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Don’t Waste Your Money: Are all C-sections really necessary?

The number of cesarean deliveries remains very high in the U.S. and Consumer Reports says many of them are unnecessary. It has analyzed data from more than 1,500 hospitals in the 22 states where data is available and found several where more than half the women who expect a low-risk delivery undergo a C-section.

For low-risk deliveries, Consumer Reports found that C-section rates ranged from less than five percent to more than 50 percent.

Low-risk deliveries are defined as: women who haven’t had a C-section before, don’t deliver prematurely, and are pregnant with a single baby who is properly positioned.

There are situations when a C-section is the safest option. But the vast majority of women who anticipate a low-risk delivery should expect to have a natural birth. Unnecessary C-sections drive up medical costs and increase risks for mothers and babies.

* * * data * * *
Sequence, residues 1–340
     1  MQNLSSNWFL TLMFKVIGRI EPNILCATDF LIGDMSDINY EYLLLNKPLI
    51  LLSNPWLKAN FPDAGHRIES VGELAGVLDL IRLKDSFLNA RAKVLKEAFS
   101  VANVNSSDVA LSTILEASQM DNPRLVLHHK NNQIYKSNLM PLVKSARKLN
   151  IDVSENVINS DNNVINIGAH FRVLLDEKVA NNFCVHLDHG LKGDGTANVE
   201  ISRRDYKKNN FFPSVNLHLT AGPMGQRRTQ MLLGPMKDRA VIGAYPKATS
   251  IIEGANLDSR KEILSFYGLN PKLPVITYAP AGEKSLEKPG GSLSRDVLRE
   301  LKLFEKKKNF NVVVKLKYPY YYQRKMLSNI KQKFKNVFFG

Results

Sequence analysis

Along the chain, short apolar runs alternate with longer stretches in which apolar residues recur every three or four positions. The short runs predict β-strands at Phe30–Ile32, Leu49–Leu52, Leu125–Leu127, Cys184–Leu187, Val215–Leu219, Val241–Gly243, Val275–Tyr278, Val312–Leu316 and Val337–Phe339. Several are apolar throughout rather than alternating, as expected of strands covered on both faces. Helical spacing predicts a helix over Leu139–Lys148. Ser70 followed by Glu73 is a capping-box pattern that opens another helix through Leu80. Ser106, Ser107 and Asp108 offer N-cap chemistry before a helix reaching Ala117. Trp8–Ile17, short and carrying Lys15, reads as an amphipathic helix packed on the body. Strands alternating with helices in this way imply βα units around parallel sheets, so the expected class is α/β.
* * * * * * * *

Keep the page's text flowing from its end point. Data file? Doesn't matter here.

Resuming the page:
Consumer Reports says ask the person who will deliver your baby about the hospital’s C-section rates. In general the lower the rate the better. Definitely look for rates lower than the national average, which for low-risk deliveries is close to 18 percent.

You can find Consumer Reports’ advice for avoiding unnecessary C-sections here.

Consumer Reports - Hospital Ratings - Avoiding C-sections - North Carolina 

Consumer Reports - Hospital Ratings - Avoiding C-sections - Virginia

Filed in: News

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1 Comment

  • stephanie duffney

    They omit other necessary reasons for a c-sec, like placenta previa. I believe maternal and/or fetal death from hemorrhaging is a definite risk factor.

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